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Japan's Nuclear Regulation Authority to require new cooling system for boiling water reactors

Kyodo

Japan’s nuclear watchdog finalized a decision Wednesday to require operators of boiling water reactors — the same type as those at the crisis-hit Fukushima No. 1 nuclear complex — to install new emergency cooling systems.

After soliciting comments from the public, the Nuclear Regulation Authority approved at a regular meeting the revision of safety regulations to make mandatory the installation of systems to circulate water inside reactor containment vessels in the event of serious accidents.

Such systems are designed to prevent temperatures reaching levels that could damage the containment vessels of house boiling water reactors. Such vessels are smaller than those for pressurized water reactors, making it easier for internal temperatures and pressure to rise when conventional cooling systems are damaged.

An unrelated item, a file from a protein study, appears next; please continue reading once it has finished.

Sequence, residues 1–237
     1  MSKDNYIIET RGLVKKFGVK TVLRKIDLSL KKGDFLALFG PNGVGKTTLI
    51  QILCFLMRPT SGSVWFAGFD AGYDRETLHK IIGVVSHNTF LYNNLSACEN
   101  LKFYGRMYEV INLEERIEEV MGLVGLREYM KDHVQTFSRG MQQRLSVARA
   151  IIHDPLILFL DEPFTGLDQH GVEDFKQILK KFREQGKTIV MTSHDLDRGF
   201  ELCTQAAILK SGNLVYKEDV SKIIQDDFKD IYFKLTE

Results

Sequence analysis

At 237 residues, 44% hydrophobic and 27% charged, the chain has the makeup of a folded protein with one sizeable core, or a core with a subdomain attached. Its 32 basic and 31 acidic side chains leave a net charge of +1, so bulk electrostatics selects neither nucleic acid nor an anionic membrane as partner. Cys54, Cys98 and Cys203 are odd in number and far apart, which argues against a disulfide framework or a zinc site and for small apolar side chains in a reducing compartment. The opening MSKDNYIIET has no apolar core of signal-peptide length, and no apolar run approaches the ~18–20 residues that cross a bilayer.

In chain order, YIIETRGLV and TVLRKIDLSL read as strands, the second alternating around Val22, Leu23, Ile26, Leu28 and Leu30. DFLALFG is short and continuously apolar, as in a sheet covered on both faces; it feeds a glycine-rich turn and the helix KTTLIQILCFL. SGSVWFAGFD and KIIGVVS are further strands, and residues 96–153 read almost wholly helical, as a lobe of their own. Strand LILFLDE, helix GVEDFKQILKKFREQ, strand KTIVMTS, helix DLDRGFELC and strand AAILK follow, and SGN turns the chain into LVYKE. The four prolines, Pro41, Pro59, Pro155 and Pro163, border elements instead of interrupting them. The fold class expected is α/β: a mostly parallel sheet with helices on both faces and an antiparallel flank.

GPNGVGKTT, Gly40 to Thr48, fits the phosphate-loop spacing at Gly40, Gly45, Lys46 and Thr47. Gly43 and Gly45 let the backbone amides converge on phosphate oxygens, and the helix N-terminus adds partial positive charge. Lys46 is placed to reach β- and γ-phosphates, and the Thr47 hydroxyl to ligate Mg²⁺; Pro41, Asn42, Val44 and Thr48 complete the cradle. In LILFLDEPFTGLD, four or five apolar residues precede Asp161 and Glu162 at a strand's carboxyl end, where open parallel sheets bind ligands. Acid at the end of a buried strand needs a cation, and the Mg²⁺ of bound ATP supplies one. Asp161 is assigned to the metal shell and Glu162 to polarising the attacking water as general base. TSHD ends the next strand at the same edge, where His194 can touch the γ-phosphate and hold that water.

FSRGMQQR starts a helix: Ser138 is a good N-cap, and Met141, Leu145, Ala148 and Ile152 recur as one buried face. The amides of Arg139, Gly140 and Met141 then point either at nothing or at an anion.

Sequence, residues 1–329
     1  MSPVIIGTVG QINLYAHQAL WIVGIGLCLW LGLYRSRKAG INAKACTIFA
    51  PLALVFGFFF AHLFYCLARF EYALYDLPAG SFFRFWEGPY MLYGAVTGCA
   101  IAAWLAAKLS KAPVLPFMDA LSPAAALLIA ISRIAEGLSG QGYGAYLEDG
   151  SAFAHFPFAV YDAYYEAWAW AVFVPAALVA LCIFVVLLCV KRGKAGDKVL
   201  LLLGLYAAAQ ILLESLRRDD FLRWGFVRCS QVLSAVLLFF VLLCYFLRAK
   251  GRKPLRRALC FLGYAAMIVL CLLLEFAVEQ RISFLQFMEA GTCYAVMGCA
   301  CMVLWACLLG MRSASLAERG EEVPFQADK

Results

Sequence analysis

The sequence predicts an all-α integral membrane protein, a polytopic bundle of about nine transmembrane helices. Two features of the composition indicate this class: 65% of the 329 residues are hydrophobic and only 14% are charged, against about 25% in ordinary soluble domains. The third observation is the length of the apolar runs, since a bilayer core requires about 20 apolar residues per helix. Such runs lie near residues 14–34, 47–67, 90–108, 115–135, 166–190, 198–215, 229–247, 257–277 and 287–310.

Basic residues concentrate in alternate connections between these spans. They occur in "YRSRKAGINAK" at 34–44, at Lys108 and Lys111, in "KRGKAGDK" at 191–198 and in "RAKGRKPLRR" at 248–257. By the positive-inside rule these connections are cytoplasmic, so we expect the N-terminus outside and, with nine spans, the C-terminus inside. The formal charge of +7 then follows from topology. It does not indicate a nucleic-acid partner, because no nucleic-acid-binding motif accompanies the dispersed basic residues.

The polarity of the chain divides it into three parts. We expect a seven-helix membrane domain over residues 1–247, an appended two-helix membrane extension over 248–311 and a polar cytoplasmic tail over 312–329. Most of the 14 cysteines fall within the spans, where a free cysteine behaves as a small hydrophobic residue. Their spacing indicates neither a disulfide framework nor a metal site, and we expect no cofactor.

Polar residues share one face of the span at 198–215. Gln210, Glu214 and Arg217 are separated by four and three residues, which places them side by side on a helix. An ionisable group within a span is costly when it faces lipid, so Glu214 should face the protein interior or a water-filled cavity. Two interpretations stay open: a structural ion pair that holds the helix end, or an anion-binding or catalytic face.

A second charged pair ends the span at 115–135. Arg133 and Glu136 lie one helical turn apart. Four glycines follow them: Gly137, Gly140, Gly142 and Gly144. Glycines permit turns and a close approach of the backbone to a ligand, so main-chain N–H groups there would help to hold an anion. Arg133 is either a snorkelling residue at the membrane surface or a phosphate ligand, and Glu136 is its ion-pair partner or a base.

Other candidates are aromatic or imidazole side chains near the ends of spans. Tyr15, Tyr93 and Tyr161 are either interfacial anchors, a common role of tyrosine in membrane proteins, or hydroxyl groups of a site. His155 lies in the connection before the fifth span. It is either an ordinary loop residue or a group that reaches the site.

Due to the rule change, emergency cooling systems will need to be installed for a number of boiling water reactors across the country that have been undergoing checks required to resume operations.

Tohoku Electric Power Co.’s Higashidori nuclear power plant in Aomori Prefecture, the Onagawa complex in Miyagi Prefecture and Chubu Electric Power Co.’s Hamaoka plant in Shizuoka Prefecture are among those that will be affected.

The new cooling systems will be activated if severe accidents occur at nuclear plants, with water accumulated inside reactor containment vessels to be circulated outside for cooling before being returned.

If the reactor still cannot be brought under control, the operator will be allowed to release steam through a filtered venting system. Under safety requirements implemented following the 2011 Fukushima nuclear crisis, reactors must be equipped with such systems.

While several pressurized water reactors have cleared these stricter safety standards, two boiling water reactors at Tokyo Electric Power Company Holdings Inc.’s Kashiwazaki-Kariwa power station in Niigata Prefecture became the first such reactors to be approved, in October.

Tokyo Electric, which runs the Fukushima complex, had already planned to install the new emergency cooling system for the reactors 6 and 7 at the Kashiwazaki-Kariwa plant.